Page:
Jack might have thought the two United States agents had looked pale, but it was nothing compared to the green coloring his face turned upon hearing those names. “I’ve never heard of him!” he exclaimed, terror lacing his voice.
One agent was foolish enough to lean forward to protest, but the snarl directed his way by the enormous wolf standing on the table sat him back in the chair real quick. “Damn it, Hunter! Call off your dog!”
Hunter didn’t, but he suggested the man not move again. “Next time, he’ll bite.”
“This man is under our protection!” the other insisted, but he hadn’t been as stupid as his partner. Not one part of him moved in any way that would send a snarl in his direction.
“Your protection?” Hunter scoffed and leaned back in the chair. “And a fine dandy job the two of you are doing.”
Both men’s face’s turned beet red at that sarcastic remark. If Hunter chose to, he could snap Jack’s neck before they understood his intent to do so and they knew it.
Jack’s head was beginning to stop throbbing, but his anger was rising. “I’m making a deal with these men, so I don’t have to talk to you!”
Hunter’s expression didn’t change, but his eyes did. Jack hadn’t known eyes could turn any darker, but what he saw in them now reflected death. His. “I’ll give you a deal, Jack. You tell me what I want to know, and I won’t kill you. Take it or leave it.”
Jack swallowed hard and didn’t doubt for a minute the man meant what he said. “I don’t know the person you asked me about!” he insisted, and suddenly his face was introduced to the tabletop once more. If he wasn’t experiencing this firsthand, he would have believed no one could move with the lightning speed this demon from hell did.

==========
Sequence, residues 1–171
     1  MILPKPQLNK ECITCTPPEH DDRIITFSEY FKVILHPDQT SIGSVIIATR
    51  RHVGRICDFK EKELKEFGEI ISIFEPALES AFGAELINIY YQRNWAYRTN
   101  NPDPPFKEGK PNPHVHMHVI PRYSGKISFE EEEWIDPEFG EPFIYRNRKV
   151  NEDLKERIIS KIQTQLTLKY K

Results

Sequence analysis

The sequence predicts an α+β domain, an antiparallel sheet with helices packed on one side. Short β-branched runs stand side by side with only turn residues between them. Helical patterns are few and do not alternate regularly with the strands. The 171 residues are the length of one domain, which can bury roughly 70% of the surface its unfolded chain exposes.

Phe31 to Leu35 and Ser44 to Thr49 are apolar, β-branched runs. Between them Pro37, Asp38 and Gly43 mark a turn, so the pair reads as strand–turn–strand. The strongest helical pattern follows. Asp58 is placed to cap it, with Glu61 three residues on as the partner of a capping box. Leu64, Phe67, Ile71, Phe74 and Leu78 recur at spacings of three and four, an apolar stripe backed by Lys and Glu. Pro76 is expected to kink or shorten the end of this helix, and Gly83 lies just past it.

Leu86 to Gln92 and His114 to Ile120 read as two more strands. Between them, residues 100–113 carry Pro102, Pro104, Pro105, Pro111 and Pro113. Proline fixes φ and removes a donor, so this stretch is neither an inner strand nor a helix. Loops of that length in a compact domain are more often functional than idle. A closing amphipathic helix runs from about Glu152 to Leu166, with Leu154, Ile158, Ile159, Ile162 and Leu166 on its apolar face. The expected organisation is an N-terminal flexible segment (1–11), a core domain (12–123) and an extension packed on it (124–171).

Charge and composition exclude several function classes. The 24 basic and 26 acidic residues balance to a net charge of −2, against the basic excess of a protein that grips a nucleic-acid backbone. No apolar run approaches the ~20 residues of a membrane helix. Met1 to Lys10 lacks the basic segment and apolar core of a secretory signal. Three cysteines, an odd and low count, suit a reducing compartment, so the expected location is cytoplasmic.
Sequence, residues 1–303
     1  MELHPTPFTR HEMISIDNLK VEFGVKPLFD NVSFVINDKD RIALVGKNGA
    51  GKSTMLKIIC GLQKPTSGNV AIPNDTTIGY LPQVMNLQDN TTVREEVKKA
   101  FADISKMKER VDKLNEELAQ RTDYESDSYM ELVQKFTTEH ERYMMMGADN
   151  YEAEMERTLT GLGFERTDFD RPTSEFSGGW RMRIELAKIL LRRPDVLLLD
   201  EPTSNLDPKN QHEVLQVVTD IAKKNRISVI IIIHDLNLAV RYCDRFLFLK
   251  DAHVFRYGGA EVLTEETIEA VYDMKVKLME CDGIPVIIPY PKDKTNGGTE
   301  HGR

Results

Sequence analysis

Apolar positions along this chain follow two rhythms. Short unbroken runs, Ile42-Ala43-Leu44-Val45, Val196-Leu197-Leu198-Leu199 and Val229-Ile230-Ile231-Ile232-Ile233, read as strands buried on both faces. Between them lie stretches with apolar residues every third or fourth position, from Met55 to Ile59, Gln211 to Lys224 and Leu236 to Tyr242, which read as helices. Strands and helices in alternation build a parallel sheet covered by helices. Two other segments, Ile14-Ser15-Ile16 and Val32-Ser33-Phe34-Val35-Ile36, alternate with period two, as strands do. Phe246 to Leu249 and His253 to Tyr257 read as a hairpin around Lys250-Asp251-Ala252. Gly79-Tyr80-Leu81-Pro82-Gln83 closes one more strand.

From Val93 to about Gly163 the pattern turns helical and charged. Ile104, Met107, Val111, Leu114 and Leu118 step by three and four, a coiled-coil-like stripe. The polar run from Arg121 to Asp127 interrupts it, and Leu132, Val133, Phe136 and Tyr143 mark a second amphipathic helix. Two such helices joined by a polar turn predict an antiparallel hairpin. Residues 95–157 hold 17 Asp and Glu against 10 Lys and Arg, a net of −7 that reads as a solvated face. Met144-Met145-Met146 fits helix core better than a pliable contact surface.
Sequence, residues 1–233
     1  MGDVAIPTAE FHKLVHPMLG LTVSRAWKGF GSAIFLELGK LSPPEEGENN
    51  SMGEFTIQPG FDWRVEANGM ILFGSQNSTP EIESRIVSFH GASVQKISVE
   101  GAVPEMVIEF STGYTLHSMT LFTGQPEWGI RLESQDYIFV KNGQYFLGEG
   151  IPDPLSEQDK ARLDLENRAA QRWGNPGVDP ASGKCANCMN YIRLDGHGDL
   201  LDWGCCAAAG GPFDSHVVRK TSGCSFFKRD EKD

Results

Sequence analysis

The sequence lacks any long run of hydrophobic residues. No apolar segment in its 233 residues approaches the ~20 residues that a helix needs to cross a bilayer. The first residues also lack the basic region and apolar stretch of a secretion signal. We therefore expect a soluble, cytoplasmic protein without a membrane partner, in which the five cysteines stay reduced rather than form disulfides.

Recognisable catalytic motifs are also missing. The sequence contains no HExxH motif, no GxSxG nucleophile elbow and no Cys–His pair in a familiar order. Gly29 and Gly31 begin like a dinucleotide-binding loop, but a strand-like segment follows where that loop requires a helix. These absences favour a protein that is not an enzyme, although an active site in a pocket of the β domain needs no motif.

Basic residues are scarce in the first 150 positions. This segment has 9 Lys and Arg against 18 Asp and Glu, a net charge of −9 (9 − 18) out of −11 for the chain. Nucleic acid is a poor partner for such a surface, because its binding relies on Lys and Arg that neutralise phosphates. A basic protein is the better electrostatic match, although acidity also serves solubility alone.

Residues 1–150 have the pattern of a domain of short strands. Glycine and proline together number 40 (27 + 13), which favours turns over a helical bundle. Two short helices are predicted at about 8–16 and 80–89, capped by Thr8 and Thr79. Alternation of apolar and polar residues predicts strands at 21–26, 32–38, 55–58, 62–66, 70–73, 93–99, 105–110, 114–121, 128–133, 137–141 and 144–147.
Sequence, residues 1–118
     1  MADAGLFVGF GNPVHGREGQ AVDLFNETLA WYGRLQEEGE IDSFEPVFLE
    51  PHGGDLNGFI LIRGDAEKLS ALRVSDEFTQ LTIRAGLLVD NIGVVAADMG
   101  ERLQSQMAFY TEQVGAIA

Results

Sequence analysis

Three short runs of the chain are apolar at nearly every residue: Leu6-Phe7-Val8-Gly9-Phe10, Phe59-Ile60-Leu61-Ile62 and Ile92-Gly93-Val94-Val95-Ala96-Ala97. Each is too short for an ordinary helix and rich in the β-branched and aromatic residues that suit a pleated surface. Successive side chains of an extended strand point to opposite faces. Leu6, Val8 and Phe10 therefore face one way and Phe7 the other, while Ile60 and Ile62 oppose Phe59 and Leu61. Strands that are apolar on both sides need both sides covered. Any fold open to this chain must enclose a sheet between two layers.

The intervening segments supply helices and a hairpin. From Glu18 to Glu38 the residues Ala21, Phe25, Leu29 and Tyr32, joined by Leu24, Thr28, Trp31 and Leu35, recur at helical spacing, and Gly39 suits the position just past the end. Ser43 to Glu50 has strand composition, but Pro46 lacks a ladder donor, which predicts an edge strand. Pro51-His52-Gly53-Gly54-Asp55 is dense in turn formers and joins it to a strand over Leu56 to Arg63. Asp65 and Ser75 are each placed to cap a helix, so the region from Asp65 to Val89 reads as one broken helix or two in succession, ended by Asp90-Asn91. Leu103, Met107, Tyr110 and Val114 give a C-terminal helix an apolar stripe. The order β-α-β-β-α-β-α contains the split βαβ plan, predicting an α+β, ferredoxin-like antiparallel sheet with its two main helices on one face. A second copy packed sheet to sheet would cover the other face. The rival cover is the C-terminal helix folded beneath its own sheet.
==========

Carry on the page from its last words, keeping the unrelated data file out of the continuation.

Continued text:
“Try again,” the demon said.
“All right! All right!” Jack screamed. “Just let me go, and I’ll tell you!”
That promise got his face raised high enough to be propelled back into the tabletop once more. “Tell me now, or you’re going to hurt.”
Going to? If the guy didn’t think a broken nose was painful, obviously he’d never had one!
“The last I heard, the man you’re looking for was in El Salvador!” Jack exclaimed, and from there he sang like a bird, disclosing the general location of Pierre Bellefeuille’s last known stronghold, and wondered which of the two men were the most dangerous. Bellefeuille, who was involved with terrorism, illegal drug trafficking, or anything else outside of the law, or this man with the wolf named Neko, and death-filled promises. “That’s all I know! I swear it!”